Given the way traditional Inuit education systems have been overhauled – to put it mildly – this part of the strategy might be the hardest.

“We had a traditional method of educating our children. You educated your children in order to survive in a harsh environment… The current education systems that they have to work within are not reflective of where they are, of where they’re from.”

Still, Audla’s optimistic.

“It’s a tall order, but we believe it’s achievable. It’s a matter of how we get the jurisdictions to work together and establish a true working relationship between the parents, the educators and the legislatures.”

Audla says education is a top priority for 2013. Another big priority is ensuring that Inuit capitalize on northern development projects like the Mary River mining project.

“There are land claim requirements that need to be followed to ensure that resource development is done in a responsible manner, and that Inuit are participants, full participants.”

Audla recognizes that while such projects promise jobs and royalties, they may also involve radical changes to Inuit lifestyles. He points specifically to Pond Inlet – a community that has both high unemployment and close proximity to the Mary River project.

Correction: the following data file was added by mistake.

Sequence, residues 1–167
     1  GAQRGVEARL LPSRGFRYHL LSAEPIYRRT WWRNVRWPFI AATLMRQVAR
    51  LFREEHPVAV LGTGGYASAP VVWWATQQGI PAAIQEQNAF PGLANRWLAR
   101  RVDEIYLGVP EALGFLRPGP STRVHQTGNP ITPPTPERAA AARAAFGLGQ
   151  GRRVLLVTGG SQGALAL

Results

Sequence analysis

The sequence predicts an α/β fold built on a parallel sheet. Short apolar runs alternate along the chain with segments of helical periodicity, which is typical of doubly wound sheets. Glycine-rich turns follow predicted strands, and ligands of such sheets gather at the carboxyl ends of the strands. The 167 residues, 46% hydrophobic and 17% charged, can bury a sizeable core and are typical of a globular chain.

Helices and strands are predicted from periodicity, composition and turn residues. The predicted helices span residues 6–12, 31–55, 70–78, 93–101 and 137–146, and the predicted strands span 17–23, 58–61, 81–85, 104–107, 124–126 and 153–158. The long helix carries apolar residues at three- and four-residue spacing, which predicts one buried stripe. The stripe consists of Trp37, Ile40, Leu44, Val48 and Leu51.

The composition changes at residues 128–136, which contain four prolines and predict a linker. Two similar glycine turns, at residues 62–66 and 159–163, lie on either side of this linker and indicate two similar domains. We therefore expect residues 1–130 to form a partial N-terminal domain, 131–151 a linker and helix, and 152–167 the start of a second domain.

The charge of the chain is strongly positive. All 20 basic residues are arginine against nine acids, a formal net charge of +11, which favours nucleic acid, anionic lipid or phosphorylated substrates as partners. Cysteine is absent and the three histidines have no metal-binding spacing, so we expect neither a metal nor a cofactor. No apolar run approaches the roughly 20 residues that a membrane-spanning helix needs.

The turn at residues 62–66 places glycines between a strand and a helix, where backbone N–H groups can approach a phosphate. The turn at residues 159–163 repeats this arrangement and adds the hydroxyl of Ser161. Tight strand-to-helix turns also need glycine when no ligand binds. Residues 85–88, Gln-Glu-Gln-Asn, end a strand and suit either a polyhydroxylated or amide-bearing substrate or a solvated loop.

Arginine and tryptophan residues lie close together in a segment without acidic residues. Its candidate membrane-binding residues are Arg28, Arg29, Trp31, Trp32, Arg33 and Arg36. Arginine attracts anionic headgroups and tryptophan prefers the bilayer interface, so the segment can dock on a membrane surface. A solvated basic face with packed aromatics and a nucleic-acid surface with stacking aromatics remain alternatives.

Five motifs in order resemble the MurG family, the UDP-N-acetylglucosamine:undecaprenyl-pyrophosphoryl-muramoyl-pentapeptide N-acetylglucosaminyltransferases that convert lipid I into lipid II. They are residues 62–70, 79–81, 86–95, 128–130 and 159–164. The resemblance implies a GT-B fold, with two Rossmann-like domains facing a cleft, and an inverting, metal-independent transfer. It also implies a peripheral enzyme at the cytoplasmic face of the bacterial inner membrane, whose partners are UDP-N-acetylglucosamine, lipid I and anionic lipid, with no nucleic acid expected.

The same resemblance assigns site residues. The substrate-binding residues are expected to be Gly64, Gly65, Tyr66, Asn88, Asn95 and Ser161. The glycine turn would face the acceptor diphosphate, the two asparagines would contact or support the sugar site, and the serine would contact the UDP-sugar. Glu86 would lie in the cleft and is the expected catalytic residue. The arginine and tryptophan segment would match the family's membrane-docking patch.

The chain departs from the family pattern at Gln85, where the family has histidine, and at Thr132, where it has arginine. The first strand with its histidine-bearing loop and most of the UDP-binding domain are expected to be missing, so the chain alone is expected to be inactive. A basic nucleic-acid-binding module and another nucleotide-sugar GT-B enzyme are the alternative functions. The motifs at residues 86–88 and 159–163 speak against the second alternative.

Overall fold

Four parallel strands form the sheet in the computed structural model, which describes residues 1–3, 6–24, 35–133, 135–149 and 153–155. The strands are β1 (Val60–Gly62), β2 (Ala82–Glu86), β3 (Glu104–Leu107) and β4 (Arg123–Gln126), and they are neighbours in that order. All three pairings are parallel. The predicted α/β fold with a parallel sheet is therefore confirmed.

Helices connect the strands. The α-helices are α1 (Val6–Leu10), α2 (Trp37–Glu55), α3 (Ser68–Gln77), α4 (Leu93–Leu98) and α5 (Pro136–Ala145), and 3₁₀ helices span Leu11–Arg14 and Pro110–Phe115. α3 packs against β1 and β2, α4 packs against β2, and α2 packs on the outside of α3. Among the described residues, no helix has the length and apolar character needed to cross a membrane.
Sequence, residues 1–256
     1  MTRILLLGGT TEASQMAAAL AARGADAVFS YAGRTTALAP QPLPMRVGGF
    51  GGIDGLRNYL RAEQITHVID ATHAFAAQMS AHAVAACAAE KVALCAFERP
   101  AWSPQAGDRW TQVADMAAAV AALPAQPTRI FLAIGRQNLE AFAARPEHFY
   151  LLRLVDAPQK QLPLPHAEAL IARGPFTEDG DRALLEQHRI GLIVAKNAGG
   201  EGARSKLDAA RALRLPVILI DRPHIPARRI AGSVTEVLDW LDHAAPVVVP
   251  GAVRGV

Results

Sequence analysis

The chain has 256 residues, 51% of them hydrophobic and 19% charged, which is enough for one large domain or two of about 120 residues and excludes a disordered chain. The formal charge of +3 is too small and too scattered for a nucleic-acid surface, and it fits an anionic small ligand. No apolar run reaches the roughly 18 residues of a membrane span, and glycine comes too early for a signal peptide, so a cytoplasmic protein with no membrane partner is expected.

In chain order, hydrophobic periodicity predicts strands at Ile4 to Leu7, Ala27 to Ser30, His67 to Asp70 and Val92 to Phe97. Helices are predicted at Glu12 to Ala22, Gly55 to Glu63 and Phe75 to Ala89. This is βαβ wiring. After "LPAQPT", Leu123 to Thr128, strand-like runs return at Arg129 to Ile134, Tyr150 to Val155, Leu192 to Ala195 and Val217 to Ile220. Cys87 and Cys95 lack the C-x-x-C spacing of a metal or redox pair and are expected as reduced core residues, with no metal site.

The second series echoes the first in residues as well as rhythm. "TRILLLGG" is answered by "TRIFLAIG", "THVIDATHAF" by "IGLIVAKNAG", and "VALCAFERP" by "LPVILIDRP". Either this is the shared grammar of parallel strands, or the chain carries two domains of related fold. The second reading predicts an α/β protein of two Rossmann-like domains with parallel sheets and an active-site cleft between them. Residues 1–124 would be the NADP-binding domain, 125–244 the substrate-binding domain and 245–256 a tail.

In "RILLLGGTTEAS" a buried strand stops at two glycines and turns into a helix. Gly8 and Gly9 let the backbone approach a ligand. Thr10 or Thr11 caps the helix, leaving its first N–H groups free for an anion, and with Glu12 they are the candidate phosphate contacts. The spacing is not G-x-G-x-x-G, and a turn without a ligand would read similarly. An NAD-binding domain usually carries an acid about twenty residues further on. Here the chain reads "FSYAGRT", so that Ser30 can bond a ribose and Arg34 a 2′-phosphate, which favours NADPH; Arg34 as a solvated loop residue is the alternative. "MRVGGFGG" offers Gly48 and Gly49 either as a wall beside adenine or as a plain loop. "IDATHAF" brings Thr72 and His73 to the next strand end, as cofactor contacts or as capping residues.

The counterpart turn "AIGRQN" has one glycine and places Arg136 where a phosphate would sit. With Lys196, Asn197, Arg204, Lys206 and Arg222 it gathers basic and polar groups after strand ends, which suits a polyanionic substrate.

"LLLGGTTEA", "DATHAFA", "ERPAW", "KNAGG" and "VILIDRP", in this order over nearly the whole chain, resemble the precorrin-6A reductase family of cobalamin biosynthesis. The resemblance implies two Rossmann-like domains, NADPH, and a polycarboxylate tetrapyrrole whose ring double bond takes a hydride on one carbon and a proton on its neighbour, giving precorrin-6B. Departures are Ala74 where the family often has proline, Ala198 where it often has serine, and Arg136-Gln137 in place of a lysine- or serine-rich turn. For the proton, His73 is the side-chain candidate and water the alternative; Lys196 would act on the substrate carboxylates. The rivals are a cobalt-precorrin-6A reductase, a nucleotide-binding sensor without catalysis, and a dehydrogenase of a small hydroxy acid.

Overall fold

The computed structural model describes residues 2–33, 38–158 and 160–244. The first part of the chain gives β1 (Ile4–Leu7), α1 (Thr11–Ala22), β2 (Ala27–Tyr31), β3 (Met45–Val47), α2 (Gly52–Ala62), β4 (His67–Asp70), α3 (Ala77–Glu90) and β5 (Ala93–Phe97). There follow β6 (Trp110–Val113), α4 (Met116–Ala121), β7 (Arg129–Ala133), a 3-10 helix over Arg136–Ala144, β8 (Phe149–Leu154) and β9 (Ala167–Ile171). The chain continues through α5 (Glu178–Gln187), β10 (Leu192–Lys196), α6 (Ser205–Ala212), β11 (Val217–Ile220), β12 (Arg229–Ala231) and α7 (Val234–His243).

“Here’s a huge opportunity, so you’re going to have seasonal workers going in (doing) two-week rotations: two weeks in, two weeks off… being away from their families… how do you balance all of that?”

He thinks about it before answering his own question.

“Inuit need to come to the table and be prepared. How you prepare them for that is another interesting exercise to go through.”

While Nunavut’s mining frontier continues to attract international attention, so does the practice of harvesting polar bear and seal.

Just last week, Audla went to battle before a roomful of European parliamentarians in Brussels, Belgium. He spoke to the American proposal to up-list polar bears to the endangered category reserved for species under threat of extinction.

This up-listing could prohibit Inuit from trading in polar bear products.

“The suggestion that the polar bear is in danger because of climate change is disingenuous… We’ve been trying to suggest that the Canadian model of management of the polar bear is one to uphold and to have it adopted by the U.S., Russia, and Denmark.”

Audla hopes the Europeans will reject the proposal – again. This marks the second time the U.S. has proposed elevating polar bears from Appendix II to Appendix I on the Convention on International Trade in Endangered Species listing. The first time was in 2010.